The local news in New Jersey recently reported about the decision of St. Theresa's School in Kenilworth to expel a female seventh grade student and her sister after the seventh-grader's unsuccessful attempts to sue the school for the right to try out for the boy's basketball team. A judge ruled in January that she had no right under applicable law, and the family is appealing.
If this student went to public school, she would have a strong argument that the U.S. Constitution's Equal Protection Clause protects her right to try out for the boys' team, which is the only basketball team offered by her school. The Equal Protection Clause requires state and local governments, including school districts, to avoid generalizations and stereotypes when making any sex-based classification. Under this rationale, female students have prevailed in many cases seeking the right to try out for a variety of sports, including sports like basketball that are covered by Title IX's contact sports exemption.
If she went to public school, the student and her family would also have legal recourse to challenge the decision to expel the student and her sister as apparent retaliation for the family's decision to appeal, since Title IX provides strong protection against retaliation. But the majority of private religious elementary and secondary schools do not accept federal funding, insulating them from the obligation to protect students civil rights. Unless St. Theresa's is among those private schools who participate federal programs to subsidize student's school lunches or to purchase classroom technology, the student and her family cannot rely on this statute for recourse.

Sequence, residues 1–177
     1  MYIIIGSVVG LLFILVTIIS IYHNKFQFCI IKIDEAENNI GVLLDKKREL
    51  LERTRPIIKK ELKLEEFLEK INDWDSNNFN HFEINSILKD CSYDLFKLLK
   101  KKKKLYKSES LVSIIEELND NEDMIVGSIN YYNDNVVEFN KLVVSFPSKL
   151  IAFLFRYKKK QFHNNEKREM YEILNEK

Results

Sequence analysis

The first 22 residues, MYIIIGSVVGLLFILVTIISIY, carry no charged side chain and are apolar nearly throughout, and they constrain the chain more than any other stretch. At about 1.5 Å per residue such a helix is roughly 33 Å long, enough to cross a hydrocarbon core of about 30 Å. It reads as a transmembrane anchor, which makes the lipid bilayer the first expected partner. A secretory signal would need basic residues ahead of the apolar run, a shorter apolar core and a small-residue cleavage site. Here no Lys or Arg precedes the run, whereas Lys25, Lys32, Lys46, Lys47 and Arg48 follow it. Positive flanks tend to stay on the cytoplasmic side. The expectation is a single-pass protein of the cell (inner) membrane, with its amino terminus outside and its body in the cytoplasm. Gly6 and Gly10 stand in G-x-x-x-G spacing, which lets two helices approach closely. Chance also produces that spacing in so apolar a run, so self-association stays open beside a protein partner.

Often when I write posts about stories where Title IX did not apply, I make the point that students and their families need to be careful when selecting private schools, since that decision often subjects the student to sex discrimination without legal recourse. But it also a cautionary tale against privatization as a policy matter. If federal support for public schools wains or disappears under the current administration -- a possibility signaled by president's nomination of Betsy DeVos -- more and more families may be compelled to accept private schools as a result. This shift would send more and more students like this one into the void of civil rights, with no statutory or constitutional protections available.